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  • Writer's pictureHeather Koubek

Self care part 2: your people

Updated: Feb 5, 2022

"What Shamu taught me about a healthy marriage" is an article by Amy Sutherland in the NYT in 2006. It made great waves in the psychology and relationship counseling world. I never forgot that article. It is long but in essence says Amy led her husband to be a better, more reciprocal partner through techniques she saw trainers use on dolphins. Now whether or not you are opposed to keeping these great creatures in captivity, the article makes a valid point. Humans, just like animals, can be trained.

What does this have to do with anything, you ask? I reference this article when getting deeper into self-care. In the last post I talked about the concept of self-care. Now we must apply this new found sense of self to our environments. This part can be even trickier than the first!!

Our families (in and out of the home) are like little efficient machines. Our routine and roles all lay comfortably within each day. Each of us wakes, and falls in line with the things expected of us. We know what our responsibility (or lack thereof) is to our people, household, job, school; this is because we live it, day in and day out. Much of this rests in our subconscious- we don’t even acknowledge any of it, we just proceed through our days just like the last ones.

Now add into this finely humming system a family member (that’s you!) that wants to change things up. Change their role. Change your role. Shake things up so that you have to be conscious about these things you rested so easily into. Assigning yourself a new role means the others around you must be assigned new ones too. The apple cart is tipped. Folks in your sphere are now awake, annoyed and uncomfortable. Guess what? They will live.

This takes conscious effort. This will be a ginormous pain in the ass. No one in your household (or work or extended family) can read your mind when you are depleted or exhausted and need a break. Do you know why not? They are not trained to see it. If your role thus far has been to fill in the holes for everyone at the expense of yourself, then your suffering becomes impossible to see. Train your people differently. They have been comfortable and cared for and up until now, and that has been enough for you. Waiting for one of them to see you need help and thus change up their own roles to do so is like watching out the window for grass to grow. Expecting they will fulfill your needs without you asking is unrealistic. They love you. They do not mean you harm. They just have been humming along in this situation nicely. They will need your guidance to begin to alter their roles in your home or outside life. They will need help helping you. They will need you to step up and be the voice of change. The actual voice, not just a bunch of subliminal messages you hope they catch on to. You will need to be firm. Stand strong. Begin to delegate. Guilt will plague you. Resist its familiar pull. Keep consciously reminding yourself you are worthy of this.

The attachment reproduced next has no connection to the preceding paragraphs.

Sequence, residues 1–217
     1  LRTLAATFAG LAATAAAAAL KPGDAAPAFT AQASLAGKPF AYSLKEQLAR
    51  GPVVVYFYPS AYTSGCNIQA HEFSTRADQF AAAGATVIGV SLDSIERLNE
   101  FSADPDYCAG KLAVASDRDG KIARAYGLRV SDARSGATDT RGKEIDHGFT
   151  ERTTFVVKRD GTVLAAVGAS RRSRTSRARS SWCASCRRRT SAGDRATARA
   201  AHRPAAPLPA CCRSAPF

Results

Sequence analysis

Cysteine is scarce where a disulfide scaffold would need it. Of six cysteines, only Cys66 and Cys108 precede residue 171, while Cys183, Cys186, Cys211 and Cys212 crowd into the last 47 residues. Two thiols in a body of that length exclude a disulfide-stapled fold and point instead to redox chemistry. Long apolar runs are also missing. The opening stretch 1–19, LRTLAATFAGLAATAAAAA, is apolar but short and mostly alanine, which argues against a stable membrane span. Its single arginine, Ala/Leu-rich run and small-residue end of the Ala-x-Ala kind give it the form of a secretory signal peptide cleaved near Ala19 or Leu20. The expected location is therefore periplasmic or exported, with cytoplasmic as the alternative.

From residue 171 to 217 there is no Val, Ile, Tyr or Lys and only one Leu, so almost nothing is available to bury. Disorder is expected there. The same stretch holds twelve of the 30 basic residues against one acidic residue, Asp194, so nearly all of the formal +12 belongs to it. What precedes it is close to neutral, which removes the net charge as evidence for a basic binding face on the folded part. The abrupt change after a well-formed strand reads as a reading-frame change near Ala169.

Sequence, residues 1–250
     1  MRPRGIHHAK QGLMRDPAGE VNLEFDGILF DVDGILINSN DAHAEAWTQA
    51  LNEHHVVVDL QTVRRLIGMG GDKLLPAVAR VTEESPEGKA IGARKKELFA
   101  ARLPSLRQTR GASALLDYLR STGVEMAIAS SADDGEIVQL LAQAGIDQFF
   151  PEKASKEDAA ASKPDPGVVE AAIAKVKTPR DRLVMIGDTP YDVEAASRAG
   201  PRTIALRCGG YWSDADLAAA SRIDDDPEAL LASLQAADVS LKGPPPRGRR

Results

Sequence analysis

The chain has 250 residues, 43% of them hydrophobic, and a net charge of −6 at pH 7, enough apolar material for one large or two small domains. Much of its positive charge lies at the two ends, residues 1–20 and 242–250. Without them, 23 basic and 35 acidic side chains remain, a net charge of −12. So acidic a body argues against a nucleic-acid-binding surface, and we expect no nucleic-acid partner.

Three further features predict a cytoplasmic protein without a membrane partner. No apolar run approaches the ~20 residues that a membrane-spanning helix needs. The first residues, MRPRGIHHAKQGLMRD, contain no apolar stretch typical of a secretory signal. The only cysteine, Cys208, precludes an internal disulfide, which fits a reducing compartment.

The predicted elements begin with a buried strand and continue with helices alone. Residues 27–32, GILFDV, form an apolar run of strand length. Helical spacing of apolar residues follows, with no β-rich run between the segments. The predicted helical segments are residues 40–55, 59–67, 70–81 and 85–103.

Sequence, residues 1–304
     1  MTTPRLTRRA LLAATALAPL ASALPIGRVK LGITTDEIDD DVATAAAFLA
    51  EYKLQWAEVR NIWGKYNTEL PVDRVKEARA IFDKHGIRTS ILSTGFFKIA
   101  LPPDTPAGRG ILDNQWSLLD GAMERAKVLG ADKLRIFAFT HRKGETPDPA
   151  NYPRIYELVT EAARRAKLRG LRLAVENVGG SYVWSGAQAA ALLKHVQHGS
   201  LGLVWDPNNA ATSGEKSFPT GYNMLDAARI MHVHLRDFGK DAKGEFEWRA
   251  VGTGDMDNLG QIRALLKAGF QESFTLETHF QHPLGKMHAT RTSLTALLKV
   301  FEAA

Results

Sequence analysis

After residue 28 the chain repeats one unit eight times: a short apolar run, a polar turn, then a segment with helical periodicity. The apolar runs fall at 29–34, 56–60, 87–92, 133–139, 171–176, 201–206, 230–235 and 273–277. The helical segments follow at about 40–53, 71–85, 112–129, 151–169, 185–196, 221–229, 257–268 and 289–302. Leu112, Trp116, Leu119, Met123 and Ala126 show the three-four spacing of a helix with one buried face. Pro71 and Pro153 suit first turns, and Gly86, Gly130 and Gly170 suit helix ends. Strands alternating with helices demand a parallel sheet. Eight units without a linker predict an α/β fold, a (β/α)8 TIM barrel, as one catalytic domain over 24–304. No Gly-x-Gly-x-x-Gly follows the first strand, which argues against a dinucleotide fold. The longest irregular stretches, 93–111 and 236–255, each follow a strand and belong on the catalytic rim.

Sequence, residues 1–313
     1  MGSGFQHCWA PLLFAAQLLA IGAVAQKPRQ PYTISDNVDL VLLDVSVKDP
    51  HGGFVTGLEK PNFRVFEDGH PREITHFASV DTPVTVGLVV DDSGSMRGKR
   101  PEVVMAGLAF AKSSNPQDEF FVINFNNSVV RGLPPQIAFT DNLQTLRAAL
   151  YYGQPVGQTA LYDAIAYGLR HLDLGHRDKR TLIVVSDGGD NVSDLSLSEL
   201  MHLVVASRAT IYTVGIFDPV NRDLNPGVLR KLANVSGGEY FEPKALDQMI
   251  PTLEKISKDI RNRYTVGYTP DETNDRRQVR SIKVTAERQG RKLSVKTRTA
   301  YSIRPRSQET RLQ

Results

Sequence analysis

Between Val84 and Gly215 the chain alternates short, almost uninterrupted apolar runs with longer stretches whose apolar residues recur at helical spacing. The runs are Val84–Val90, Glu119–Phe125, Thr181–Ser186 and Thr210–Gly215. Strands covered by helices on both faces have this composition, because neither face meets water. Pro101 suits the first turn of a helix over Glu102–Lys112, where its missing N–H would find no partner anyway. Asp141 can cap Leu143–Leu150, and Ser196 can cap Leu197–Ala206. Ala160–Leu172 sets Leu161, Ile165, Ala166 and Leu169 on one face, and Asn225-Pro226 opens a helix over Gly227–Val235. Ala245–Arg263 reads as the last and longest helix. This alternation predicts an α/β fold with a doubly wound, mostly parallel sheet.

The blow back may be epic. Or it may be a small whine. You may live/work/be related to lovely, malleable folks, or stubborn assholes. I am here to tell you they can ALL be trained. If you stay the course, make this outward and conscious effort to make yourself part of the equation in your daily life, they will begin to do so also. Begin to step back from tasks they can do themselves; delegate with purpose. At first, they may pretend to not have heard you ask. Let the clothes stay on the floor, dishes in the sink. Your uber driver license can be retired. You don’t have to be at every single sports event your kid participates in. You don’t have to answer the phone when your needy family member calls. You don’t have to stay at work late. Examine the things in your daily life that bring you joy and those that feel heavy. Prioritize the things that fill you, the ways in which you do participate in these units that you enjoy. I am not suggesting you pack a bag and take a long vacation. Or go on strike. I am suggesting you alter your own role through these types of behavior modification techniques so that your days do not fly by without you having done one damn thing for yourself. So that your head doesn’t hit your pillow at night overwhelmed, exhausted and resentful. Having your people step up is good for them too. Remembering they have a responsibility to their people makes them better folks in and outside of your home.

Slowly but surely, you can “train” your loved ones and beyond to add you to their priority list. You do this by making yourself one and following through consistently. Through reward (i.e. praise for their efforts) and extinction tactics (ignore the resistance, set clear boundaries), you can re-enter your life as an equal member and not an indentured servant.

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